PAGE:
EU law sets limits and targets for air quality in Europe. As part of this, EU Member States must monitor air quality and make the information publicly available through the EEA. Together with the European Commission, the EEA has set up the European Air Quality Index that shows the latest measurements from air quality monitoring stations around Europe. The service is also available as an app for Android and for iOS devices. Moreover, the EEA’s European air quality city viewer allows people to check average pollution levels in almost 400 cities across Europe.
The European Green Deal aims to improve air quality in Europe and align EU air quality standards more closely to the latest guidelines from the World Health Organization. The EU zero pollution action plan aims to reduce pollution to levels no longer considered harmful to people’s health and natural ecosystems by 2050.
In October 2022, the European Commission proposed revising EU air quality laws with stricter thresholds for pollution, more rights for citizens, better air quality monitoring and better public information.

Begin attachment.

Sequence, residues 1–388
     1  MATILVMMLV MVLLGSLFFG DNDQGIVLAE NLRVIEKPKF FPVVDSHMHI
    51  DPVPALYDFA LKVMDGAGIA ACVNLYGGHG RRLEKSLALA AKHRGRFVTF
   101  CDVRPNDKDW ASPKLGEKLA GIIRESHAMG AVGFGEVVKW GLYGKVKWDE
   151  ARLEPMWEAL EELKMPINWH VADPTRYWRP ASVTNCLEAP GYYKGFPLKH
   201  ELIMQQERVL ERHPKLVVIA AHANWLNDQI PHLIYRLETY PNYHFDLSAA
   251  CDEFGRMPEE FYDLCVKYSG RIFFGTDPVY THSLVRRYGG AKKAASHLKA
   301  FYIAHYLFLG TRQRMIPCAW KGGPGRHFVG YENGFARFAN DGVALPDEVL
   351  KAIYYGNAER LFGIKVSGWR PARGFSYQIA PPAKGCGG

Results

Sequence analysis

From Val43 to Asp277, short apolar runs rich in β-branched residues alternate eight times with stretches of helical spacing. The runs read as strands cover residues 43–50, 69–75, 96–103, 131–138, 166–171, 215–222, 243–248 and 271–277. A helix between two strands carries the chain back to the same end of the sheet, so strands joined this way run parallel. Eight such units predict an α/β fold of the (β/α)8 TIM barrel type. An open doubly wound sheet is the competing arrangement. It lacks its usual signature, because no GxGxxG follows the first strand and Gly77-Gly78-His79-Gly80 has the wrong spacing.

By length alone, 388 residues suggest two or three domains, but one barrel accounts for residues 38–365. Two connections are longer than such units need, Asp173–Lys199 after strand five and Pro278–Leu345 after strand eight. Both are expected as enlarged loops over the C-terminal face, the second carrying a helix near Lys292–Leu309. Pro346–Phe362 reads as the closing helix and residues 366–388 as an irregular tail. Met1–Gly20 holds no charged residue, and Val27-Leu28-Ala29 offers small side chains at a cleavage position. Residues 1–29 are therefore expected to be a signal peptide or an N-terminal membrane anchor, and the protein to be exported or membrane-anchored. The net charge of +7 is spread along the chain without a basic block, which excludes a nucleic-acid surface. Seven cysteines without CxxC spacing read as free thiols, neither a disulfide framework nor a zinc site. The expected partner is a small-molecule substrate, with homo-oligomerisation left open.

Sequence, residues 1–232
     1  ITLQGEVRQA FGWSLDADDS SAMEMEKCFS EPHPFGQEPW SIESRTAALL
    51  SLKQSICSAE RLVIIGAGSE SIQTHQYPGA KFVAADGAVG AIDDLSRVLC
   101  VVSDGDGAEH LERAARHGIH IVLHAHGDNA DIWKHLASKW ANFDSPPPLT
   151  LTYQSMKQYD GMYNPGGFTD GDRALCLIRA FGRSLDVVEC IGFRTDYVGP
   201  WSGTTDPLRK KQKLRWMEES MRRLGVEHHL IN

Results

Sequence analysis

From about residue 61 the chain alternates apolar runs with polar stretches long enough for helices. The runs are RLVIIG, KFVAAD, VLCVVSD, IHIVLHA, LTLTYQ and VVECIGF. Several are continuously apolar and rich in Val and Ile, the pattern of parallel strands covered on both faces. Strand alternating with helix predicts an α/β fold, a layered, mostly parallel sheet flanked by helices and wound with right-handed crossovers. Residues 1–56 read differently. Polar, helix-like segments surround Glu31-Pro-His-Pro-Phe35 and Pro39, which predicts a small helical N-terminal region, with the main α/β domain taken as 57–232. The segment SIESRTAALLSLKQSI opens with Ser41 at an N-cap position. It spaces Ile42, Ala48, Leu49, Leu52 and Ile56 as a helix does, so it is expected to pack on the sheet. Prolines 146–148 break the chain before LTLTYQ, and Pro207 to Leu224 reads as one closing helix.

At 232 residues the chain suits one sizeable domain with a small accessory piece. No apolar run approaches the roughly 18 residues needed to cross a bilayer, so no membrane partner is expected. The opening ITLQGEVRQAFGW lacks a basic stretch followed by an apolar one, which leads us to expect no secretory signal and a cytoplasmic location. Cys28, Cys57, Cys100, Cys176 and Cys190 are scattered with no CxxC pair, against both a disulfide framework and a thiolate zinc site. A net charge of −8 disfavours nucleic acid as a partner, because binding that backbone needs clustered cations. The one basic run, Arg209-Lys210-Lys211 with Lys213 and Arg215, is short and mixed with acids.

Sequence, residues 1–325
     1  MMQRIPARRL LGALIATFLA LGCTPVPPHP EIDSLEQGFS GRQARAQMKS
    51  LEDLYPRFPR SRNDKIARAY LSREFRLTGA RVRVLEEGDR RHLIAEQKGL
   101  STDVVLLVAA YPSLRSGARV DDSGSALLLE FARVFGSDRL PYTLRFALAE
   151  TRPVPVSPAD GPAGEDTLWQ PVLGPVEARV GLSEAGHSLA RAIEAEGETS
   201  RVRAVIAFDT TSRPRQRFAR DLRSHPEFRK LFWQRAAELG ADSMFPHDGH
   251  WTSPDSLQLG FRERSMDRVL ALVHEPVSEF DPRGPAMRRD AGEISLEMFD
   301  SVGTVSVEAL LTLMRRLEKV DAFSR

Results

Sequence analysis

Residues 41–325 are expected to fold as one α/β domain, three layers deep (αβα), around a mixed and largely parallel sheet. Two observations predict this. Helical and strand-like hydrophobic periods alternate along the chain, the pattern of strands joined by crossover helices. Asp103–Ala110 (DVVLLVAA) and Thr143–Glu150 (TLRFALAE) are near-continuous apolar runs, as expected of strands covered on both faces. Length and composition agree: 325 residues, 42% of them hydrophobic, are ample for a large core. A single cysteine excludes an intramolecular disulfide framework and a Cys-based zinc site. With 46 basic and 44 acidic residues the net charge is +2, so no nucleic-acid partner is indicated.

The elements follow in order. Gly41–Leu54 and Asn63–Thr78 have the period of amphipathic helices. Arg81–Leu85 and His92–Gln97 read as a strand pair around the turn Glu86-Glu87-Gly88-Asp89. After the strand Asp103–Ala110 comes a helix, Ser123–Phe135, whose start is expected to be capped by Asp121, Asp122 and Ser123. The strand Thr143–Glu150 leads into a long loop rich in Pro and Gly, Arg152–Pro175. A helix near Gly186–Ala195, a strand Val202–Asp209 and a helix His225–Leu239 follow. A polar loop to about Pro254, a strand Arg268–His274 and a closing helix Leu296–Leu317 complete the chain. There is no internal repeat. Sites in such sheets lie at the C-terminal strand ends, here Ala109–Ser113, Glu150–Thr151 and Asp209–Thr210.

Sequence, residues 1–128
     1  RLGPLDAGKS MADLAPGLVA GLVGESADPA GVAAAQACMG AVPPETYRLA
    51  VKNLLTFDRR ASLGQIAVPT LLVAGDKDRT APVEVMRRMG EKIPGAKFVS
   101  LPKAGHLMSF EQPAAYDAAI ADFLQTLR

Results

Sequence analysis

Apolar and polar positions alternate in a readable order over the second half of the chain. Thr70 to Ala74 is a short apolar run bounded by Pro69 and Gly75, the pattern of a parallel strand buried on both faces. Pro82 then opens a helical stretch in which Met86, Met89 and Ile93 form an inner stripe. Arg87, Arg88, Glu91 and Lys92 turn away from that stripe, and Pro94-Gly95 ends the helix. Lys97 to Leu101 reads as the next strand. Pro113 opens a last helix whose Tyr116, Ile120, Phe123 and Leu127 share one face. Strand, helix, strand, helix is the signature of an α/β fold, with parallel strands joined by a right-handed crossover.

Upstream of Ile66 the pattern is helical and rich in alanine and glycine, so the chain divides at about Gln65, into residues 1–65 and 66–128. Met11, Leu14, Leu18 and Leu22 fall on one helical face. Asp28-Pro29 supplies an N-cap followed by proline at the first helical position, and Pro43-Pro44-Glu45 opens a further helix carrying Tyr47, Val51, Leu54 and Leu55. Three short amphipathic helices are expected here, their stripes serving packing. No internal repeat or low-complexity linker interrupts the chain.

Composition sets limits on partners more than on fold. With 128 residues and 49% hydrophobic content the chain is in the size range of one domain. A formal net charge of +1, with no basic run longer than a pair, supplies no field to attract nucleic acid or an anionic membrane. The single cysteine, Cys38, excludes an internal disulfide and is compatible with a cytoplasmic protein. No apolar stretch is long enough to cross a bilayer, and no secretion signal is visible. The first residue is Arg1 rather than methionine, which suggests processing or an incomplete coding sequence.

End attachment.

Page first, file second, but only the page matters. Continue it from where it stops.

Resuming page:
In a nutshell: air quality and health
- Air quality is improving in Europe. However, air pollution is still a major health risk causing illness and preventable deaths.
- The EU wants to reduce air pollution to a level that does not harm human health by 2050.
- Cleaner and renewable solutions for heating, transport, industry and agriculture have a lot of potential to reduce air pollution.
What can I do?
- Check your local air quality from the European Air Quality Index. Depending on your situation, consider avoiding outdoor activities if air quality is poor that day.
- Think of ways to save energy at home and favour sustainable transport modes, such as walking, cycling or public transport. Active mobility is also good for your health.
- Pay attention to indoor air quality. Think about the materials in your home and ensure adequate ventilation.
- Get involved. Ask your local politicians about air quality in your city and what is being done to improve it.
This feature article is part of EEA Signals 2023 — Environment and health in Europe.